Download PDFPDF
Ventricular aneurysm and ventricular septal defect after myocardial infarction
Compose Response

Plain text

  • No HTML tags allowed.
  • Web page addresses and e-mail addresses turn into links automatically.
  • Lines and paragraphs break automatically.
Author Information
First or given name, e.g. 'Peter'.
Your last, or family, name, e.g. 'MacMoody'.
Your email address, e.g.
Your role and/or occupation, e.g. 'Orthopedic Surgeon'.
Your organization or institution (if applicable), e.g. 'Royal Free Hospital'.
Statement of Competing Interests


  • A rapid response is a moderated but not peer reviewed online response to a published article in a BMJ journal; it will not receive a DOI and will not be indexed unless it is also republished as a Letter, Correspondence or as other content. Find out more about rapid responses.
  • We intend to post all responses which are approved by the Editor, within 14 days (BMJ Journals) or 24 hours (The BMJ), however timeframes cannot be guaranteed. Responses must comply with our requirements and should contribute substantially to the topic, but it is at our absolute discretion whether we publish a response, and we reserve the right to edit or remove responses before and after publication and also republish some or all in other BMJ publications, including third party local editions in other countries and languages
  • Our requirements are stated in our rapid response terms and conditions and must be read. These include ensuring that: i) you do not include any illustrative content including tables and graphs, ii) you do not include any information that includes specifics about any patients,iii) you do not include any original data, unless it has already been published in a peer reviewed journal and you have included a reference, iv) your response is lawful, not defamatory, original and accurate, v) you declare any competing interests, vi) you understand that your name and other personal details set out in our rapid response terms and conditions will be published with any responses we publish and vii) you understand that once a response is published, we may continue to publish your response and/or edit or remove it in the future.
  • By submitting this rapid response you are agreeing to our terms and conditions for rapid responses and understand that your personal data will be processed in accordance with those terms and our privacy notice.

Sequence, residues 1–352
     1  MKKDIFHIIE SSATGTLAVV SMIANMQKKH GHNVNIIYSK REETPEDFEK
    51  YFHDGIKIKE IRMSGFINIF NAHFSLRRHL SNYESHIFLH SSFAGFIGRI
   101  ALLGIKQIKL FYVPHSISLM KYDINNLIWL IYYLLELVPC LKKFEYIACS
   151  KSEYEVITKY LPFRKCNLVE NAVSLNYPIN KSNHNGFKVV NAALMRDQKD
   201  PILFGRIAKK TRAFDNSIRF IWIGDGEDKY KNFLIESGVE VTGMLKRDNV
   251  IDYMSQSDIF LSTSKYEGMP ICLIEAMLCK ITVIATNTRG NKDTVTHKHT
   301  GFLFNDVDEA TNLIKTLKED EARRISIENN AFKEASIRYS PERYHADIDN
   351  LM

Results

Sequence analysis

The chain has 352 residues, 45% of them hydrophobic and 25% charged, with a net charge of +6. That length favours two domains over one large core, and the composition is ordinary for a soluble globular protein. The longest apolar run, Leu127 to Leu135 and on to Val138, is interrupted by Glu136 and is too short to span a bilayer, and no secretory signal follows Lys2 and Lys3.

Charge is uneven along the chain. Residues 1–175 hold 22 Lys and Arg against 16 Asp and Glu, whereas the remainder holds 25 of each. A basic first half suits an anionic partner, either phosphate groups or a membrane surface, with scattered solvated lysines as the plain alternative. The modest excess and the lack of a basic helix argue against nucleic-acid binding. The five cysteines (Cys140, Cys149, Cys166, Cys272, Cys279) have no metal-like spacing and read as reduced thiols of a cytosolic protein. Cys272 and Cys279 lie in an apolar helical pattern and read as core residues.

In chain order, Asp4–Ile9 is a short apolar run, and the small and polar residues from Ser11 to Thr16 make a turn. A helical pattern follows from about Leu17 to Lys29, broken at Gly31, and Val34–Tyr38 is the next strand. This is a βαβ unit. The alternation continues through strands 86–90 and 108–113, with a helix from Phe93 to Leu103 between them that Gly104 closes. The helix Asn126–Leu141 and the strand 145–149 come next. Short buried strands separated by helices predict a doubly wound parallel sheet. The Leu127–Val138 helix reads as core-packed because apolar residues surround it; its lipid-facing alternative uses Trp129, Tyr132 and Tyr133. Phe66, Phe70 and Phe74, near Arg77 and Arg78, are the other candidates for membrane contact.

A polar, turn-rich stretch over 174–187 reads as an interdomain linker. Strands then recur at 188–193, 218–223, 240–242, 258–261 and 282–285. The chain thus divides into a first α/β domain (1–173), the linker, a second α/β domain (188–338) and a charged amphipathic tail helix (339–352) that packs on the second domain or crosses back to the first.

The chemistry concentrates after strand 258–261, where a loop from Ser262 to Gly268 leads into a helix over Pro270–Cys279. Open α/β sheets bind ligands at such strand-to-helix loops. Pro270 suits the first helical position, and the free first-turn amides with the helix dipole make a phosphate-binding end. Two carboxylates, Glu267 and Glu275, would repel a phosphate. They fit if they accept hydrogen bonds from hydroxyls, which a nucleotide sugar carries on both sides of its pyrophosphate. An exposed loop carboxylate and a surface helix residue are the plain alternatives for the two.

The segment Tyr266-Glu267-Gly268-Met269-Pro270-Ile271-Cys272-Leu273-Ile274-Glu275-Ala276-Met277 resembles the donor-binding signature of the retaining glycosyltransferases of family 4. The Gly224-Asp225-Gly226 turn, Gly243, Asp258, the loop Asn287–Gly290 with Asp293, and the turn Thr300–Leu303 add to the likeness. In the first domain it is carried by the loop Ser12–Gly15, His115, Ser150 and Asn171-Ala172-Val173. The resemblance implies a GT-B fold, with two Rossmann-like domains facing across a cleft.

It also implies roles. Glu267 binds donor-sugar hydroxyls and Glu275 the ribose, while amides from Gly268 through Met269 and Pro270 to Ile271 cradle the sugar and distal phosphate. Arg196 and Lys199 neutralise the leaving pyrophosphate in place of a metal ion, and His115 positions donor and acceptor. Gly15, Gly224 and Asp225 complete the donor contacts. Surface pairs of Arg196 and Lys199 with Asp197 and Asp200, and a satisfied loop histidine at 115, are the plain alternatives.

This question is for testing whether or not you are a human visitor and to prevent automated spam submissions.

Vertical Tabs

Other responses

Jump to comment:

  • Published on:
    The delayed presentation of mechanical complications of myocardial infarction
    • oscar,m jolobe, retired geriatrician British Medical Association. Also a member of the Manchester Medical Society(but not an affiliate)

    The delayed presentation of the association of left ventricular aneurysm(LVA) and ventricular septal rupture(VSR), reported by Patel et al(1), has its counterpart in the even longer delay, amounting to 3 months, documented in a 53 year old man who presented with increasing breathlessness and no history of chest pain. His delay in seeking medical attention was put down to to "apprehension sorrounding COVID-19". His electrocardiogram(ECG) showed ST segment elevation in the inferior leads. Coronary angiography showed severe multi-vessel disease including complete occlusion of the mid-right coronary artery. Transthoracic echocardiography(TTE) showed a basal inferior wall aneurysm and small ventricular septal rupture(VSR) with left- to -right shunt. Cardiac magnetic resonance imaging showed that the LVA measured 52 mm x 53 mm x 44 mm, with an associated mural thrombus. VSR and right-to-left shunt was confirmed. The patient experienced a successful, outcome from 3-vessel coronary artery bypass grafting, aneurysmectomy, and VSR patch repair(2).
    Takotsubo cardiomyopathy(TTC) is another context for LVA(3) and for VSR(4), respectively. Furthermore, the association of ventricular free wall rupture(presumably a complication of ventricular pseudo aneurysm) and VSR can also be a feature of TTC(5). In the latter report a 73 year old woman presented with a 5 days history of chest pain and breathlessness. Her ECG showed ST elevation in leads V2-V5. TTE showed...

    Show More
    Conflict of Interest:
    None declared.